author by Botanistpublication date Thu May 12, 2011 16:56Report this post to the editors

Hey, just to answer your question Art, as far I can (from my degree in Botany and postgrad studies).

GM crops are basically normal crops with genes spliced in like a virus. A good analogy is with humans and other viruses. Our DNA is filled with "junk" DNA, DNA that does nothing from so many years of evolving and mistakes etc. But also, a surprisingly large part of our DNA isnt human, or even from the animal kingdom. Its viruses. Viruses that over the millenia infected our ancestors and inserted themselves into our genomes. So why aren't we dead? Well, just as you described, nature's "evolutionary settings" just negate it by years of natural selection and innate cellular mechanisms to counteract counterproductive DNA. This process is somewhat enhanced in plants because they can have more complex genetic rarrangements, with triple copies of DNA per plant and thus triple "mixing" on fertilisation etc.

Something like 0.05% of people, especially in western Europe are immune to HIV, just by the benefit of the mix. If there was a super epidemic of AIDS, humans would survive. The same principal applies for plants, except their life cycle is quicker and capacity to replicate is much higher, so any catastrophic ecological event can be quickly remedied, washing the "bad" DNA out of the mix. But basically, much like the problems with monoculture and wheat rust destroying large swathes of crops, GM monoculture is exactly the same, there is a possibility for short term catastrophic crop failure and mass starvation. But, and I emphasise this, this is just as likely with current non-GM cultivation practices as with GM crops. GM doesnt, at the moment make some kind of super crop that will take over everything else (doubly due to the whole Monsanto sterile crop evilness), as Genes inserted are for increased crop yield and disease resistance for the most part, and not for growth on wide varieties of media ie GM corn only growing on fields that can grow normal corn.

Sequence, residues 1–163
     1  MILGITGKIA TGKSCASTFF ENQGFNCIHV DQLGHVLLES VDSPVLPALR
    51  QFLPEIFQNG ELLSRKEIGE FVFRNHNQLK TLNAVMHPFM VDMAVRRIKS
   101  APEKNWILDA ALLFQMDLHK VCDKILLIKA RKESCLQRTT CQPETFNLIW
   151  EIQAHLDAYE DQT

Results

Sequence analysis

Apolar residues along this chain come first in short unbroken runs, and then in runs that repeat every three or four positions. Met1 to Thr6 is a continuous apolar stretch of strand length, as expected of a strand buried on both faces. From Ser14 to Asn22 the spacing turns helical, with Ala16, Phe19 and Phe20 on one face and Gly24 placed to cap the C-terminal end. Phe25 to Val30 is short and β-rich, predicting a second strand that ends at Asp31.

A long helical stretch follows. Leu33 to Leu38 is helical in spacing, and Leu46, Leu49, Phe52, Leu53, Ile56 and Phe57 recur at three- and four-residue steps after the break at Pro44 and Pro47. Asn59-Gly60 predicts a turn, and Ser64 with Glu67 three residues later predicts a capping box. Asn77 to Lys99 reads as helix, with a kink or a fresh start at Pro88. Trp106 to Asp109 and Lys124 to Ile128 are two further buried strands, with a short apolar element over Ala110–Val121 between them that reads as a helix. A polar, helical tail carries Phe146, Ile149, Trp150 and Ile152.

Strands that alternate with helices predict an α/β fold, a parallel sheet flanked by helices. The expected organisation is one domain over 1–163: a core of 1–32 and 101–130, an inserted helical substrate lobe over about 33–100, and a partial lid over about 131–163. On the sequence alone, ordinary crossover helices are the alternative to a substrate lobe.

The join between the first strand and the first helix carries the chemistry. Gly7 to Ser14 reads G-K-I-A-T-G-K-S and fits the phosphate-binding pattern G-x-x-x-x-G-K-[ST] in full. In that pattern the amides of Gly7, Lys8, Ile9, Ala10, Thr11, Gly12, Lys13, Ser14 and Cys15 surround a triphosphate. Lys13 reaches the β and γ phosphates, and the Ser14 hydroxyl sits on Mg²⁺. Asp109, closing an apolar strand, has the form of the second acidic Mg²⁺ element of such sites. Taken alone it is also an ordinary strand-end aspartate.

However, this does not necessitate GM crops nor is it an argument for them. There still needs to be long term studies and checks on any company that is considering producing a GM crop.